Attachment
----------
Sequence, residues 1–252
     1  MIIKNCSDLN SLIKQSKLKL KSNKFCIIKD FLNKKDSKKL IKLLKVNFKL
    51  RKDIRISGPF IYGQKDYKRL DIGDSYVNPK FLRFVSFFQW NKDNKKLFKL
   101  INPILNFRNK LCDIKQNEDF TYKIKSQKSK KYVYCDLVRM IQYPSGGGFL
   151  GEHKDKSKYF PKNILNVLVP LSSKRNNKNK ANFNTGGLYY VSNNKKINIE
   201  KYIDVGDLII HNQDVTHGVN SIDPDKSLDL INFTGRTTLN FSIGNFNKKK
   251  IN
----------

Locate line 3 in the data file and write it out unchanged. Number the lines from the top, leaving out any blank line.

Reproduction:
    51  RKDIRISGPF IYGQKDYKRL DIGDSYVNPK FLRFVSFFQW NKDNKKLFKL